Effect of Improving Depression on Pain and Function in Older Adults with Arthritis
Summary written by Kevin Fontaine, Ph.D.
Osteoarthritis (OA) and depression are both common, disabling health problems in older adults. These conditions may reciprocally interact to promote poor functional and health outcomes, and impaired psychological well-being. However, little is known about the effects of improving depression in older adults who also have OA. As part of the Improving Mood-Promoting Access to Collaborative Treatment (IMPACT) trial, Lin and associates (Journal of the American Medical Association, 290:2428-2434, 2003) analyzed data from a large sample of depressed older adults with OA to examine the effects of treating the depression on their pain, function, and quality of life.
Methods: IMPACT is a randomized controlled trial of 1,801 depressed older adults aged = 60 years performed at 18 primary care clinics across the US. Fifty six percent of the sample (N = 1,001) reported arthritis at baseline. These participants were randomized to either depression care management (i.e., antidepressant medication and/or 6-8 sessions of psychotherapy) or usual care (i.e., antidepressant medication and referral to mental health services). Outcomes included depression, pain intensity, functional status, and quality of life assessed at baseline, 3, 6, and 12 months.
Results: At 12 months patients in the depression care management group we over two times more likely to report a 50% reduction in depressive symptoms than patients in the usual care group (41% vs. 18%). Moreover, compared to usual care, patients who received depression care management also reported significant reductions in pain (p = .009), as well as improvements in functional status (ps = .004 & .002), and quality of life (p = .005) at 12 months.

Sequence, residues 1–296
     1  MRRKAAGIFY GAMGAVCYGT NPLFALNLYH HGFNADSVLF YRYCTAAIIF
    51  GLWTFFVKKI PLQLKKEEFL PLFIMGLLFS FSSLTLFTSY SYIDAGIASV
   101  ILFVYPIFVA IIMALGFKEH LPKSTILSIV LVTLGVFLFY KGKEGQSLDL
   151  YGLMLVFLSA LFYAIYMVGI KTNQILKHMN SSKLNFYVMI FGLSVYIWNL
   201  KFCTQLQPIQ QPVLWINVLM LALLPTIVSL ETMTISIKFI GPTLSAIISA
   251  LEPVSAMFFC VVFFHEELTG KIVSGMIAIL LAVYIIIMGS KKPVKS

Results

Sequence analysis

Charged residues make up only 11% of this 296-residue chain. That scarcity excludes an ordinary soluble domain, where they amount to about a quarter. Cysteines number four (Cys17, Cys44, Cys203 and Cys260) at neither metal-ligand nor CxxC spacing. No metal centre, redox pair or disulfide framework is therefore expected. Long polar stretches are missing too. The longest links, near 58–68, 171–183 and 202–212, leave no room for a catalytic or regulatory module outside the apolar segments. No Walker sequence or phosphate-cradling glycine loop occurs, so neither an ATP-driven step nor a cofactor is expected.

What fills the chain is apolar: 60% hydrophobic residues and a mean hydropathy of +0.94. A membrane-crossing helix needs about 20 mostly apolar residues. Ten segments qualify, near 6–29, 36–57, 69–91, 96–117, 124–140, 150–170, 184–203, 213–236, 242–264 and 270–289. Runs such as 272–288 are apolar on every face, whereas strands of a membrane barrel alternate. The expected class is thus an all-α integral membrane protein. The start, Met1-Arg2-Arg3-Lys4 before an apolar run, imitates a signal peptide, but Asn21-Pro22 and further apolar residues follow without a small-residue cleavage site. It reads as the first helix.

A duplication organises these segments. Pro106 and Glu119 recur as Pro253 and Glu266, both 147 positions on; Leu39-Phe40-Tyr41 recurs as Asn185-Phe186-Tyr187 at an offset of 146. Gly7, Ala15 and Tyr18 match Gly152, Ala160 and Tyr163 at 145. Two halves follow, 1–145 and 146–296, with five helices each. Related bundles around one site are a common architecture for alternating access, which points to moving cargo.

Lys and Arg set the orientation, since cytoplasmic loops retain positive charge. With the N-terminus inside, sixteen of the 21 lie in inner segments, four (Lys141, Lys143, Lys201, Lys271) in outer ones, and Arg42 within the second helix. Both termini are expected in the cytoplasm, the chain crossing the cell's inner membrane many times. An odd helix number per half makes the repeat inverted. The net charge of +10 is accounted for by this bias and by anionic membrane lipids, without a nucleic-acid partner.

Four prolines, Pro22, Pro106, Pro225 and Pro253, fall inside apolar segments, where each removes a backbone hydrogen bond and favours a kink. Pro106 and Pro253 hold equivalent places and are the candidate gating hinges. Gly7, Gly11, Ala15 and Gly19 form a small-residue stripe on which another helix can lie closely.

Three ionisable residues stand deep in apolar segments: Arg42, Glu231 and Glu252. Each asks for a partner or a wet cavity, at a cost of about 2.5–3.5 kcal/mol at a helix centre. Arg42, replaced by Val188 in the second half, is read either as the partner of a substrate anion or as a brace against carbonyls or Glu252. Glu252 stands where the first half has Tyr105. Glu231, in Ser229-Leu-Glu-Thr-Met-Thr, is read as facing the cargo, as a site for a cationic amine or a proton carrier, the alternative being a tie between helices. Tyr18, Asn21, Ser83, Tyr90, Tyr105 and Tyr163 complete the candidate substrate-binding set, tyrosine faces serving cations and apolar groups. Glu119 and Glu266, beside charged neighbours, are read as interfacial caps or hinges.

Conclusions: The benefits of treating depression not only reduced depressive symptoms but also decreased pain and improved functional status and quality of life in older adults with arthritis.
Editorial Comments: This study provides support for providing specific and focused depression care in older adults with co-existing arthritis. That is, the effect of improving depression status extends well beyond improving psychological status; it also improves important health and functional outcomes related to the arthritis. Beyond arthritis, the results of this study imply that depression should be routinely assessed and, if warranted, treated in late life to promote both improved psychological functioning and improved functional status and quality of life, irrespective of the presence of co-morbid conditions such as arthritis.